Annie is grieving and needs to find a way to say goodbye that means something to her, which I can totally relate to. What starts as an ill-thought-out impulse, becomes a plan to visit all the coastal areas mentioned in the shipping forecast. As she travels from Cromarty to Forth, Tyne, Dogger and beyond, Annie re-evaluates her life, past and present, and gradually makes peace with herself, and comes to appreciate that, even if just for a short while, Bev was an important part of her father’s life.

The characters are well drawn and believable, a road-trip theme always appeals to me, and each chapter is aptly prefaced with a phrase from the shipping forecast. I had to look up the shipping forecast online to find out where some of the areas were and discovered some beautifully illustrated maps which are well worth a look. I really enjoyed this book, it made me laugh despite the sadness and grief, and look forward to reading whatever Sue Teddern writes next. Thanks to Pan Macmillan, Mantle and NetGalley for a digital copy to review.

Out of the Silence by Owen Mullen

Out of the Silence by Owen Mullen

In a village in the Punjab region of Pakistan, Afra and Jameel want to marry and spend the rest of their lives together, but her mother does not agree. After being refused permission to marry Afra, Jameel leaves his village and sets off to find his only relative in Lahore. He is welcomed by his uncle and goes on to become a successful business man, but he never forgets Afra. Meanwhile, Afra is sold to a wealthy family in Lahore to become the wife of the oldest son. They are horrible to her right from the start, but when she does not give him an heir, she is reduced to the role of household slave and treated appallingly. Years later, members of this prominent family are being killed off, one by one.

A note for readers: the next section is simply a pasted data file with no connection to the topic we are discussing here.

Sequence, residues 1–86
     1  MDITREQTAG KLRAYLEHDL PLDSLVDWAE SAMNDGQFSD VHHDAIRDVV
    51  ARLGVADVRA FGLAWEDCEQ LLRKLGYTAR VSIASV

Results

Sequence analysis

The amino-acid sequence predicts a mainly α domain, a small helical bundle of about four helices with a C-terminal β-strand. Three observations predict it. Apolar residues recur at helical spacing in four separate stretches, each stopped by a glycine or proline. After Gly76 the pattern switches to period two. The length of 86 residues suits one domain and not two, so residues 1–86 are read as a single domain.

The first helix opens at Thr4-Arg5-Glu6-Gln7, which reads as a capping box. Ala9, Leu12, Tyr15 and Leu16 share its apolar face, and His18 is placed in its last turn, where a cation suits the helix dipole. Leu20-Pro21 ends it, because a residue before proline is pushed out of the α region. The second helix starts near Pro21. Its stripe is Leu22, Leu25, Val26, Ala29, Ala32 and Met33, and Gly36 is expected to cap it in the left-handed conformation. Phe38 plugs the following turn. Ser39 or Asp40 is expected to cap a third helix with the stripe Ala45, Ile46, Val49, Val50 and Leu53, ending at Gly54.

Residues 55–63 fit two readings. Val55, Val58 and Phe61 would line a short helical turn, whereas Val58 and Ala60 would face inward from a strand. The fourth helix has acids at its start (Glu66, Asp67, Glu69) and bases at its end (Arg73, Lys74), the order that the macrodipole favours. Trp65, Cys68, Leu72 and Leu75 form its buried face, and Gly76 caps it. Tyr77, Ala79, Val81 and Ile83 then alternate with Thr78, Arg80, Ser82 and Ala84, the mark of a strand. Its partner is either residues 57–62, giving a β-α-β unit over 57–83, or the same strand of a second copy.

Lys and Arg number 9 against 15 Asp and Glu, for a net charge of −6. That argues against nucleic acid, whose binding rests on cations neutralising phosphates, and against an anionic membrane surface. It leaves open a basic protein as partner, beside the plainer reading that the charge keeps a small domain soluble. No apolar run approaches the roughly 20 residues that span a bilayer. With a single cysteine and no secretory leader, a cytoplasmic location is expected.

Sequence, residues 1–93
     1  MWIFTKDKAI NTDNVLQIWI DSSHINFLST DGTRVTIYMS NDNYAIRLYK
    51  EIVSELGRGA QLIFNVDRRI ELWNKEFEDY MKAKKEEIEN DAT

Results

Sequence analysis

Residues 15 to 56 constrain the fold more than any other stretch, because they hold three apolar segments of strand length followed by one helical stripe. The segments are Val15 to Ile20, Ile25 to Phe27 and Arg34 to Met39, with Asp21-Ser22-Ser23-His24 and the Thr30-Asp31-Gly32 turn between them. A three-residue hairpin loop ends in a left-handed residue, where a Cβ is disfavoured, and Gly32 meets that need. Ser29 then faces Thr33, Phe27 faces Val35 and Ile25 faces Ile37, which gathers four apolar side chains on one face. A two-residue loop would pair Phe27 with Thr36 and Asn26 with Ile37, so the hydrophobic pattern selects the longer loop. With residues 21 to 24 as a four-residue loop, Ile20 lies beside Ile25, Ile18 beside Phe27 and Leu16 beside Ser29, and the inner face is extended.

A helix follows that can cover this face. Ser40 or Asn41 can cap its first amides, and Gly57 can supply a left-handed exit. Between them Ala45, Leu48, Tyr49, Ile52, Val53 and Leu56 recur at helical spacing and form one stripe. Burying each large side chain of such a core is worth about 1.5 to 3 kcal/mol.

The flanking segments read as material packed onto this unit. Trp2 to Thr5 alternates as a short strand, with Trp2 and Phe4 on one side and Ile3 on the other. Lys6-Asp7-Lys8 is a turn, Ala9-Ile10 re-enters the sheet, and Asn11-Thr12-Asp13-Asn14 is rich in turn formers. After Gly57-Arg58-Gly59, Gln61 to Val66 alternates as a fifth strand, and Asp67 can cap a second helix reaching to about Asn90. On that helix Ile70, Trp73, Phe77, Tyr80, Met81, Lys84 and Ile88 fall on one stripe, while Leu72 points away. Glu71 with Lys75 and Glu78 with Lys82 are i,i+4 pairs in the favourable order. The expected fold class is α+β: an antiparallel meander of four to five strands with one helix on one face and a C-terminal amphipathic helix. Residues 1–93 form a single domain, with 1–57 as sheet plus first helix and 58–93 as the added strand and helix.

Owen Mullen skillfully  weaves the strands of the story together, leading us up many false paths until we learn who is behind the killings. I did guess eventually, but only at the very last minute. The writing is evocative, full of rich descriptions of the sights, sounds and smells, and brings this area of Pakistan to life. I have never been to this part of the world, but had no trouble imagining the setting in vivid colour.

This story left a lasting impression on me; long after I had finished reading I was still thinking about what Afra (and others like her) had suffered during her short life. This is a misogynistic society where animals are treated better than women. Out of the Silence is a shocking exposé of the abuse suffered by women at the hands of their husbands, brothers, cousins, and men in general. While it is extremely upsetting to read, it has been written with compassion and understanding. It is also a gripping murder mystery. The characters are well written and believable; some you will hate with a vengeance, and others will go straight to your heart.

I chose Out of the Silence without reading the blurb as I had enjoyed other books by Owen Mullen (crime thrillers set in Glasgow) and, though it is very different, I highly recommend it, and suggest you try some of his other books too – you won’t be disappointed.

Thanks to Bloodhound Books and NetGalley for a digital copy to review.